Director’s Greetings

Welcome to the Graduate Humanities Program website!

 

Luke Eric Lassiter, PhD
Director of the Graduate Humanities Program

Our program provides students from a wide range of backgrounds the opportunity to study with some of the finest faculty in central and southern West Virginia. Building on an interdisciplinary core of courses, the degree program encourages students to develop a plan of study that meets individual educational goals. Our courses are also open to lifelong learners and professionals in all fields who want to broaden their understanding of the arts, historical, cultural and literary studies.

Our Program has long focused on project-based, community-university collaborative research and engagement.  As a part of a focus on public humanities, students are often involved in research and creative endeavors with community partners, which often lead to further opportunities for engagement and application.

I hope you’ll consider taking a class, participating in our certificate program, or joining our directed plan of study. Feel free to stop by our main offices on the Marshall University Graduate College South Charleston campus. Or you can e-mail me directly at lassiter@marshall.edu. I look forward to hearing from you!

  • “The program was an incredible asset to my personal and professional growth, it allowed me to understand core concepts of humanities and a solid foundation to apply them and utilize public humanities. When people asked me in what area I was getting my M.A., their next question was invariably what will I do with a Humanities degree. My answer to that was/is anything my heart and mind desires to create: this is the gift of the Graduate Humanities Program, that if you can create it, it can be a reality. The field is wide open for those with backgrounds in liberal arts, and with diverse life experiences such as mine.” (Gabriella Williamson ’12)

  • “One thing in particular I found valuable while in the program was the intellectual challenge it offered through instruction, but also through those involved and fellow students. The program offered the means by which I could learn to look beyond analysis and the process of breaking things down and to consider meaning and experience as relevant to understanding anything. The term ‘lifelong learning’ gets thrown around quite a bit by various disciplines — to get a job, to get a degree, etc.; however, it seems that it is only within humanities that the term is committed as part of the essence of being human.” (Renae Bonnett ’11)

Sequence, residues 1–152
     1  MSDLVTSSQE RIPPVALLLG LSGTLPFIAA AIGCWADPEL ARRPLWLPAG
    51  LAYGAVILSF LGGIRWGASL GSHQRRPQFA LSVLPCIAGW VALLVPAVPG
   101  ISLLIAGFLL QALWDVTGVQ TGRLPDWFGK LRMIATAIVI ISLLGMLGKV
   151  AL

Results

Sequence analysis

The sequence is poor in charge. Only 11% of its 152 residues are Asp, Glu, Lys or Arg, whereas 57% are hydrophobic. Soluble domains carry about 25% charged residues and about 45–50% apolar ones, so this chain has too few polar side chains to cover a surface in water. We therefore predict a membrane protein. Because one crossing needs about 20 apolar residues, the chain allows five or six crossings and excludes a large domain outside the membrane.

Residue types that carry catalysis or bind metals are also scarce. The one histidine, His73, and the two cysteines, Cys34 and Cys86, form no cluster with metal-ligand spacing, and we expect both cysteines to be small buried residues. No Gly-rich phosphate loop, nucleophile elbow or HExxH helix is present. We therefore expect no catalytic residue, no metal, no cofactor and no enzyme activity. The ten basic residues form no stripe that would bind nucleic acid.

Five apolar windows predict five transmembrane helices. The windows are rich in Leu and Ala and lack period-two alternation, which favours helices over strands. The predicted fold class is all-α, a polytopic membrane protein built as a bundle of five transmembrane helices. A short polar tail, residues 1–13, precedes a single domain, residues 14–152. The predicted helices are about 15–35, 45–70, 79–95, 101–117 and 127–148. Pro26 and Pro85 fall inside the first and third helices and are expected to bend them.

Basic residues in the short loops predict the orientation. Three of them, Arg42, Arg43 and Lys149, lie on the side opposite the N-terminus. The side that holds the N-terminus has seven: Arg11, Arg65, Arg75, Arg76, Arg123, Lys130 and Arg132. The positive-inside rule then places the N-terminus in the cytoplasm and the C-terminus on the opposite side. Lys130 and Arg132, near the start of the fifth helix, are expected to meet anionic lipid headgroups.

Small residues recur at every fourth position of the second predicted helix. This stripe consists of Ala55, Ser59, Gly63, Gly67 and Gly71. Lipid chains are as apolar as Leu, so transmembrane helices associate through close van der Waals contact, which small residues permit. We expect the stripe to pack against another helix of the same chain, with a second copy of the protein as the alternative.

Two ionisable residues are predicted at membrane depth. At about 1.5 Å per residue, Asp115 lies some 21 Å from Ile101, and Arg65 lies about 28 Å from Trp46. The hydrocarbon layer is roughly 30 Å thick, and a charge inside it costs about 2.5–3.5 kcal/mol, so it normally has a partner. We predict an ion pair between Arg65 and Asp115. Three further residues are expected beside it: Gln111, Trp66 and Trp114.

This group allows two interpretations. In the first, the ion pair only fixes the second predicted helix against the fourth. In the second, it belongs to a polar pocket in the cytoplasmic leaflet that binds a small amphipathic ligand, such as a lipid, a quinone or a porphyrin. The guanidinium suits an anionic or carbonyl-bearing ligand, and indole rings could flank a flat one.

• “It is most difficult to put into words…the program helped me not only academically but culturally. It was truly enriching and helped me fit in by getting to know the region and the people. I also valued getting to know the teachers and my classmates.” (Antonio Jiménez-Góngora ’10)

  • “The Marshall Humanities Program revitalized my faith in education. Yes, I realize that sounds cliché. Overly romanticized. But it’s completely true. In the Humanities Program, people weren’t concerned with the competitiveness of academia- they were concerned with me and my goals. I have never felt more encouraged in my academic pursuits. I also met a diverse group of people. Vastly intelligent. A well-traveled bartender with a love for Dostoyevsky. A computer-savvy servicewoman. A PR rep. Teachers, students, parents, retail workers. I grew so much in my understanding of the diverse human experience through listening to others tell their life stories.  All coming together for the same goal. Much like the humanities themselves. I learned about the importance of connections across the disciplines. How it’s less important for your writing to sound smart than it is for it to be written clearly. I am currently employed at a local historic house because of connections I made through the program. I also am in the last stages of getting my teaching certification. If I hadn’t gotten my MA in Humanities, I definitely would not be where I am now. I would not have regained my faith in the educational process and would not have continued. It is a learning experience that has forever changed my life.” (Ashley Clark ’10)